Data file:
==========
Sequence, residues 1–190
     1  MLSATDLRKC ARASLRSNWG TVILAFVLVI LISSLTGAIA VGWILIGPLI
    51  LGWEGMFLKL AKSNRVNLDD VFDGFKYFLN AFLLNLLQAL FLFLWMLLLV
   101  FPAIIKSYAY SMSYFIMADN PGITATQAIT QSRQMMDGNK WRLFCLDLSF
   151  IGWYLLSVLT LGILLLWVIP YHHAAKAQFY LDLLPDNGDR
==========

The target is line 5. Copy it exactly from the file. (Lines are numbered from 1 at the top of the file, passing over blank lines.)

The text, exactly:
   151  IGWYLLSVLT LGILLLWVIP YHHAAKAQFY LDLLPDNGDR